Spoilers below for the books Black Rabbit Summer and The Bunker Diary
BLACK RABBIT SUMMER
THE BUNKER DIARY
Do you like feeling unfulfilled? Do you like interpreting that feeling as some sort of achievement? Then Kevin Brooks is for you! No resolutions, no explanations, just shit happening with no reason!
Some people say “it’s realistic”, which I would agree with except that a person trapping 6 unrelated people in a bunker and lets them starve to death doesn’t sound like a very realistic scenario to begin with. The Bunker Diary is a controversial book because some critics and parents (and presumably kids) think it’s too hardcore, that children’s literature shouldn’t feature gore, torture, starvation, whatever. Well, that really isn’t the problem with the book. If you have a reason for it, do it. Cut characters open and let them bleed to death, bury them alive, kill them in any POSTAL2 way you desire. But you need to have a reason for doing so. The Bunker Diary offers no reason. It prods at the mystery and then says “nevermind”. The lesson I learnt from this book is that when people don’t have food and water, they die. Which is a valuable albeit unnecessary lesson.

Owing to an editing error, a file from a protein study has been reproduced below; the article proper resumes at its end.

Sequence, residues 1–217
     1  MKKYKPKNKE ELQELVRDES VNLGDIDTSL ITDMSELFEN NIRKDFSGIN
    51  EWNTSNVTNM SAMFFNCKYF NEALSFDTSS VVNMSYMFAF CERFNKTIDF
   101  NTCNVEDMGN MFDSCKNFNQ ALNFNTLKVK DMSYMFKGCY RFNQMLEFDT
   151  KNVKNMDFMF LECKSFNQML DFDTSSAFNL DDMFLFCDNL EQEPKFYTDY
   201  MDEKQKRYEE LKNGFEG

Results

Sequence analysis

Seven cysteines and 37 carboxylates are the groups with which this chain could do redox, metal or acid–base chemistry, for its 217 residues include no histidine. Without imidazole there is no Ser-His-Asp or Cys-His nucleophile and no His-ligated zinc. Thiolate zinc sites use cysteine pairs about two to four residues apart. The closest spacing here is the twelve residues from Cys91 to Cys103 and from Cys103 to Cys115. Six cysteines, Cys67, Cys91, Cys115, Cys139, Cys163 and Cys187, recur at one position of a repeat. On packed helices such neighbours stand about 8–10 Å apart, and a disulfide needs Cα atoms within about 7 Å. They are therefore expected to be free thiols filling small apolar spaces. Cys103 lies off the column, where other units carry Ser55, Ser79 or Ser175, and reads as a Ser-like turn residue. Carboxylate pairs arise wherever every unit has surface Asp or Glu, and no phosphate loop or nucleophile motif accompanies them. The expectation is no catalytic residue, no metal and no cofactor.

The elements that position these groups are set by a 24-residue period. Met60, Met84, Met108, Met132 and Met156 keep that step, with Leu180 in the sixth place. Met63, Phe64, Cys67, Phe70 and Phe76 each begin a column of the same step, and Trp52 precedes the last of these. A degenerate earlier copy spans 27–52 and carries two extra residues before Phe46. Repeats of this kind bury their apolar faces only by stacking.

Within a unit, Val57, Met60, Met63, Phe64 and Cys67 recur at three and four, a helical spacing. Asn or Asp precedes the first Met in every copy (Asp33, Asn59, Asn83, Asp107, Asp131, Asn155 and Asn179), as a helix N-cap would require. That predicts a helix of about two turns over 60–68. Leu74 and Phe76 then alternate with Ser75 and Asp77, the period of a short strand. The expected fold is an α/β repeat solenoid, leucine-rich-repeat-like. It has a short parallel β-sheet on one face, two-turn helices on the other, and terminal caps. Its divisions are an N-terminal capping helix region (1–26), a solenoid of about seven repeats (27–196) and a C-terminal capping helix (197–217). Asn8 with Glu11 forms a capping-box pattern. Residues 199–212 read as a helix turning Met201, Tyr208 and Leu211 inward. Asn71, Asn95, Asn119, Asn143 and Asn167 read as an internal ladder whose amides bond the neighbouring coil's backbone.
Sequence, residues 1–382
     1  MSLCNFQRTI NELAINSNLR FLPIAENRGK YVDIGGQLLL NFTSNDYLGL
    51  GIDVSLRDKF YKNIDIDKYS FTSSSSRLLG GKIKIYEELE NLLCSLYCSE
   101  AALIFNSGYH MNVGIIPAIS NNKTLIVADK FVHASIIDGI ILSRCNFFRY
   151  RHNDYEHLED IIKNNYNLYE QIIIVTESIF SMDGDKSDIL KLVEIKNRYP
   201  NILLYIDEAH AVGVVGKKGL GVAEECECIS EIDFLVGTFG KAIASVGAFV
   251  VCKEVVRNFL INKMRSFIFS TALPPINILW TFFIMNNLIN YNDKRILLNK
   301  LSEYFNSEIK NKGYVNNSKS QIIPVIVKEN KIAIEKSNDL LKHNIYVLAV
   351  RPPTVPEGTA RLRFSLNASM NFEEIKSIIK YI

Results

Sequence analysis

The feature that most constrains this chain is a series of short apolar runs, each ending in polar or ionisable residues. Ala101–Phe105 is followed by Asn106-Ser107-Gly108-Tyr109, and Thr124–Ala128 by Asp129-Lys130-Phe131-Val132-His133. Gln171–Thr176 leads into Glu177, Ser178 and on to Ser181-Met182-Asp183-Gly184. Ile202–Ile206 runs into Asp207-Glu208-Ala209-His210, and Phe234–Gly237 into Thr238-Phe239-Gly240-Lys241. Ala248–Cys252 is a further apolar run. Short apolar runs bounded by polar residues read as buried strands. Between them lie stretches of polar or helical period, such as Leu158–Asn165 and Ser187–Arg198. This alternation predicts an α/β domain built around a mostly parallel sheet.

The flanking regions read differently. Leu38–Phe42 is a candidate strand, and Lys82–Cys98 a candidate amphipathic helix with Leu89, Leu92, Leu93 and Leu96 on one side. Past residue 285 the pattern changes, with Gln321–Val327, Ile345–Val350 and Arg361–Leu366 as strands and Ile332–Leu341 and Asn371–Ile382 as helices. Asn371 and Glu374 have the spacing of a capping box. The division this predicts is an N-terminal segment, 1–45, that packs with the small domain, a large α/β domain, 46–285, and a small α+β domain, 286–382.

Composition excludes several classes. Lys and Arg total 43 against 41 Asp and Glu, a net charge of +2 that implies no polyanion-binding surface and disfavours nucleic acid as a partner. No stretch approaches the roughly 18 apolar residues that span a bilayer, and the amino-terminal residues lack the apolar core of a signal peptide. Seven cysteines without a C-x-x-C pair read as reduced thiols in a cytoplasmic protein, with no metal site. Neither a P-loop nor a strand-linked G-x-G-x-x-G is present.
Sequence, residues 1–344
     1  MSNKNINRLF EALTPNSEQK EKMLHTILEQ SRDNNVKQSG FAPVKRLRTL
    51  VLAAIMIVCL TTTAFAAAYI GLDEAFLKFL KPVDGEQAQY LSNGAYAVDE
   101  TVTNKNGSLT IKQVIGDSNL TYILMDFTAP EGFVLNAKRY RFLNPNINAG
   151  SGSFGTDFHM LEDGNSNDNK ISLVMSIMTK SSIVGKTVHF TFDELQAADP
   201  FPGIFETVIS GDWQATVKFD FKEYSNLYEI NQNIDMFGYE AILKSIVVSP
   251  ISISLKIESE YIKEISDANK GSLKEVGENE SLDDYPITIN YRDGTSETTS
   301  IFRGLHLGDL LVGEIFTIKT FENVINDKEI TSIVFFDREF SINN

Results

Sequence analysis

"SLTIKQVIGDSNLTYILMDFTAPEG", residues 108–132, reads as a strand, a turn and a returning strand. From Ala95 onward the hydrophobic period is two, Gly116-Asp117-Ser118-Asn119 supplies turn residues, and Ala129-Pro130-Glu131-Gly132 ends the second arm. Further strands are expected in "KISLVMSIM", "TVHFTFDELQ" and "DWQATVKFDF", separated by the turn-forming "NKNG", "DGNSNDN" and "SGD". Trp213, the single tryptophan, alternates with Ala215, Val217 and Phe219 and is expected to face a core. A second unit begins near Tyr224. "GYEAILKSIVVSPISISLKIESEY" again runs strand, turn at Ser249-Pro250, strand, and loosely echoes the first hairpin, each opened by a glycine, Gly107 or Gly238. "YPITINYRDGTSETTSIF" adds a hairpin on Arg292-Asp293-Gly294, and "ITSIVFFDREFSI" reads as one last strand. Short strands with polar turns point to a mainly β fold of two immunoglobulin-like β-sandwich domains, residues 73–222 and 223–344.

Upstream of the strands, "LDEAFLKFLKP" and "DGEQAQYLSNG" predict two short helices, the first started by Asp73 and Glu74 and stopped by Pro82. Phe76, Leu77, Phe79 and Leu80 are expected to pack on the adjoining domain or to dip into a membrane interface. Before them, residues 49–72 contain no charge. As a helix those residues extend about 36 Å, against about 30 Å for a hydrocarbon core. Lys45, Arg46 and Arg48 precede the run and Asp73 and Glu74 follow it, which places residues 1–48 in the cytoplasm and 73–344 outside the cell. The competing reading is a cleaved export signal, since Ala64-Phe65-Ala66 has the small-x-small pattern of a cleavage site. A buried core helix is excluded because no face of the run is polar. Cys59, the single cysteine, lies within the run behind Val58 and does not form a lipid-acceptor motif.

I’m not even going to put Black Rabbit Summer in the murder mystery genre, because I respect murder mystery authors and the structure and rules of mystery. Granted, if you don’t read this book as a murder mystery, it offers various interesting things. The voice is unique, surreal and engaging, the tension well-maintained. However, once you start participating in solving the mystery, you’ll probably just end up being angry because even the author doesn’t solve the mystery. It’s not open-ended. It’s just not ended. Again, it frames itself as a mystery with two parallel and seemingly connected cases. One is the disappearance of Raymond, the other is the murder of Stella. The main character only solves the second case because he’s anxious to find his best friend. Well, the main mystery is never resolved. He doesn’t know where Raymond is, why his rabbit got its head chopped off, what Raymond’s connection with the secondary mystery is.
These books are definitely thought provoking. I really enjoyed both of them until the end, which unfortunately made the rest of the books disappointing as the endings invalidate most things that were set up. Still, in terms of YA these are at least interesting and not just another copy cat of those angsty, anti-establishment, “strong”-female-protagonist books with poor world-building.